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### Course: Class 10 Chemistry (India)>Unit 1

Lesson 2: Balancing a chemical reaction

# Balancing chemical equations

A balanced chemical equation shows the same number of each type of atom on both sides of the arrow.

## Want to join the conversation?

• I'm working on Chemical Reactions: Double and Single Replacement on FLVS. Now my first question for this video is, how do you have 4 aluminum atoms when it says 2Al subscript 2? Do you just add the 2 and the subscript 2? Same thing goes with the O3. I am so lost.

My next question is...how would I write the charges out in this equation?
Would it be like this?
Al + O + O ----> Al + Al + O + O + O

I don't know if I'm doing it right or not. I am completely lost. If someone can help me, I would really appreciate it. Thanks :)
• Al2 is written with a subscript because it is bonded to O3. The leading 2 shows that there are two Al2O3's- giving four aluminum and six oxygen. This is found by multiplying the leading number by the subscript.
• How does Al and O get 2 and 3 atoms?
• Aluminium has a charge of +3 and Oxygen has a charge of -2. So by using the criss-cross method we get Al2O3. Hope you understand. Thank you
• So no matter how many times I watch this video and how many times my Chemistry teacher explains it I cat seem to understand how to balance equations. If I have
N2+ H2---> NH3 what would I get and how would would I get that answer? I have a work sheet due on this this Wednesday so I need help fast.
• Write it out on a piece of paper and underneath each side of the equation write out how many of each atom there are.

N2 + H2 -> NH3

On the left there is 2 N and 2 H
On the right there is 1 N and 3 H

If we tried to balance starting with H you'd need to use a fraction or decimal and would get messy, so let's start with N.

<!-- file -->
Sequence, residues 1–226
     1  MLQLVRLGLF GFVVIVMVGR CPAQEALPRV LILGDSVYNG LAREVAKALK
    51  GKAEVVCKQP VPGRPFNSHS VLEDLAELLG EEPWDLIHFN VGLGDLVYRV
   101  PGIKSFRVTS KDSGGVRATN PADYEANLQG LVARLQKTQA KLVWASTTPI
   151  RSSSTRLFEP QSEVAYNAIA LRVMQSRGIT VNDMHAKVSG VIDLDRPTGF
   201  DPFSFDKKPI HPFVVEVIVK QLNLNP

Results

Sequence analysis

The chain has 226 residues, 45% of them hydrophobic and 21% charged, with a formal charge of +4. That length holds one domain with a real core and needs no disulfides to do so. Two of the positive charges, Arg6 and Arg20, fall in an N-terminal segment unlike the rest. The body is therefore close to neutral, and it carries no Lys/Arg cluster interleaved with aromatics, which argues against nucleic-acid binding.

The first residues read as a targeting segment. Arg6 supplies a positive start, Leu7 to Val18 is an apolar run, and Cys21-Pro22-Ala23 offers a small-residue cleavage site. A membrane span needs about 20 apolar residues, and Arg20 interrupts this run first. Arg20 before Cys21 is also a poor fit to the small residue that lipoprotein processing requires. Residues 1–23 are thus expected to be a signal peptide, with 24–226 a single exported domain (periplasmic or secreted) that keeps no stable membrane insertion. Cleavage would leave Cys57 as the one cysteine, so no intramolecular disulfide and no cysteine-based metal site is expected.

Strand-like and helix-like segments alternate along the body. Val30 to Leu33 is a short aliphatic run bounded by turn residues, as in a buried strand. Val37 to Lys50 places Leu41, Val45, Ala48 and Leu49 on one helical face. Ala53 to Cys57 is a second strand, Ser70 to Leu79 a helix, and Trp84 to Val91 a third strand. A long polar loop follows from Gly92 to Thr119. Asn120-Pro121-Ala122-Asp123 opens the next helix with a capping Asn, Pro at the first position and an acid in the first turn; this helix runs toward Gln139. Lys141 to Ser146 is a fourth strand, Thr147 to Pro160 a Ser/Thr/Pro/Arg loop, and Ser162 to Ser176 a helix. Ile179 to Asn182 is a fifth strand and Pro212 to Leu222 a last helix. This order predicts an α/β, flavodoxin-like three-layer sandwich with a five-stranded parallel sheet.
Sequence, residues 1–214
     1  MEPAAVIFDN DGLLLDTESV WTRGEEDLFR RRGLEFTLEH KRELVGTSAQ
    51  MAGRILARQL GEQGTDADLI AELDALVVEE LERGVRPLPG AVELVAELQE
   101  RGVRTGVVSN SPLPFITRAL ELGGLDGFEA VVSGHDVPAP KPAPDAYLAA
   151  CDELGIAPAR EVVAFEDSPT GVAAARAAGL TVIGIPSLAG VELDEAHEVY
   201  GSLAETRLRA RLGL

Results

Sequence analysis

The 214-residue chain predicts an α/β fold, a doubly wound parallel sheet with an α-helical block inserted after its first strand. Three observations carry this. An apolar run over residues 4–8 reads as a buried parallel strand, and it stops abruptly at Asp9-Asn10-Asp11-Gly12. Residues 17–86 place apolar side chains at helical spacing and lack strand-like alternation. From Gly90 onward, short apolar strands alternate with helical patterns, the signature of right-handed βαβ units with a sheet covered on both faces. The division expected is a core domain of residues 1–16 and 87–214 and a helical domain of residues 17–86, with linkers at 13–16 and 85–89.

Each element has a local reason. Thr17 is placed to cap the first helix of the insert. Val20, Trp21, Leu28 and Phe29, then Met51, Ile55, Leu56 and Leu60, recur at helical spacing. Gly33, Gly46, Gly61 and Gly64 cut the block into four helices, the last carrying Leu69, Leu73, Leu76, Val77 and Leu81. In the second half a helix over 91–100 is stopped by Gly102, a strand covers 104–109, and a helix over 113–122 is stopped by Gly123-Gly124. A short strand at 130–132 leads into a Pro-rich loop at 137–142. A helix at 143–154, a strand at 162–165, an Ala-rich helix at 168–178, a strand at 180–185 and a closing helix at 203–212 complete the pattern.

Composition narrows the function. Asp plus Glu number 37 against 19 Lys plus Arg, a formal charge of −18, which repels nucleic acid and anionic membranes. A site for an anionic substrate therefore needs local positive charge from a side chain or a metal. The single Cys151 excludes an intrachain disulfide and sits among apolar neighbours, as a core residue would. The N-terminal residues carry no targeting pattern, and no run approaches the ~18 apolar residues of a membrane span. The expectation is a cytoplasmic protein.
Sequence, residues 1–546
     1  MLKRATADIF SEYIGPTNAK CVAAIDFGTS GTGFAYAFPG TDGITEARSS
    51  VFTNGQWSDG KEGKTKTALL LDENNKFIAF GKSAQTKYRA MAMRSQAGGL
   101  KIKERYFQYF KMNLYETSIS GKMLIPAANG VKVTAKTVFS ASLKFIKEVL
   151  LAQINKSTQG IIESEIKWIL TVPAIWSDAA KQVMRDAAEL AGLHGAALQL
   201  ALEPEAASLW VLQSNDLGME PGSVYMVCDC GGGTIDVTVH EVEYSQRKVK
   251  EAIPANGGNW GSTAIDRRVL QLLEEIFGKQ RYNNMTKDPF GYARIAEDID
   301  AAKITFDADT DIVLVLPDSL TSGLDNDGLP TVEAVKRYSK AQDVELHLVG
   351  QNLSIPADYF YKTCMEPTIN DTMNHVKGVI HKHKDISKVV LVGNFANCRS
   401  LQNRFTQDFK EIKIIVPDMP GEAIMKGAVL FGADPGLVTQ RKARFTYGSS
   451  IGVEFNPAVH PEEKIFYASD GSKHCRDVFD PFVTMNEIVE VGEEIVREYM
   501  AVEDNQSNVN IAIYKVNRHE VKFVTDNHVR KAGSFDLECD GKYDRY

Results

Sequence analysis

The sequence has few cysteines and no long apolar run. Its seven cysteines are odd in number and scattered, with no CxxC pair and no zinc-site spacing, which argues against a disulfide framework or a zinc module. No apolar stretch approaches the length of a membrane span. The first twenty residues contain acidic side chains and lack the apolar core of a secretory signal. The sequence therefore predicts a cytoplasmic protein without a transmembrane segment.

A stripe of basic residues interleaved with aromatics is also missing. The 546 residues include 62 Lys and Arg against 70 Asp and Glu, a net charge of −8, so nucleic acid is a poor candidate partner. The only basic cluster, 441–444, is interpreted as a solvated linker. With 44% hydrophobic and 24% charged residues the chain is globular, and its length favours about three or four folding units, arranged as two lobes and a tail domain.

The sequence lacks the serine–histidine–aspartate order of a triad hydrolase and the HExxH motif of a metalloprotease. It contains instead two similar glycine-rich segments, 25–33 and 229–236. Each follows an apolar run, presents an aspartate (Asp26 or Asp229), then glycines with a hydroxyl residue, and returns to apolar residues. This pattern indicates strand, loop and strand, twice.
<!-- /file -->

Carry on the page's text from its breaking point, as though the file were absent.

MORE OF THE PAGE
There's 2 on the left and 1 on the right, so we need to change the coefficient of NH3 to 2

Now we have
N2 + H2 -> 2NH3

Total the atoms up again:
On the left there is 2 N and 2 H still
On the right there is 2 N and 6 H now

So now all we need to do is make the left side have 6 H in total. So all we need to do is make the coefficient of H2 3

N2 + 3H2 -> 2NH3
• is not 03 a molecule in the atmosphere?
• Yes, ozone is found in the atmosphere at an overall concentration of 0.6 ppm.
But most of it is found in the upper atmosphere.
Ozone is highly unstable. It rapidly decomposes to oxygen in the lower atmosphere.
In the upper atmosphere (in the ozone layer), ultraviolet rays from the sun are constantly converting oxygen molecules into ozone, and the concentration of ozone there ranges from 2 to 8 ppm.
• At , since the equation reads 2Alsub2 Osub3, does the coefficient from 2Alsub2 apply to Osub3, or is it just assumed that we know that oxygen is doubled or something?
• The coefficient 2 in 2Al₂O₃means 2×(Al₂O₃).
Everything inside the parentheses gets doubled, so there are 4 Al atoms and 6 O atoms.
• do you have to multiply each side by the same number?
Sorry I'm just a bit confused.
And also do you have to multiply each molecule?
• We will have to multiply each sides by the same number if one of the molecules has a fractional value after balancing(1.5 for oxygen becomes 3 by multiplying every molecule on both sides by 2). However, when the reaction is not balanced(when both sides do not have equal number of atoms of every element) we multiply the value of the molecule/atom by a suitable number on the side where it has fewer atoms. We do this until the reaction is perfectly balanced and we are sure that the Law of Conservation of Mass is followed. I hope this answers your question.
• I have a question, for the Al oxide how did he get one?
• I’ll assume you’re referring to . The top equation is balanced. If an equation is balanced and if a chemical doesn’t have a coefficient, then we assume it has a coefficient of 1. It’s implicit as Sal mentioned. Similar to how variables are assumed to have coefficients of 1 if they do not have explicit coefficients (e.i. x = 1x).

Hope that helps.
• I was trying to do this, but I failed, is there an easier way to try this?
• well...not really...
Just practice
• is the equation technically balanced already at ? say we don't care about molecules being half molecules. Just wanna make sure i understood
• Yes, the equation is technically balanced at .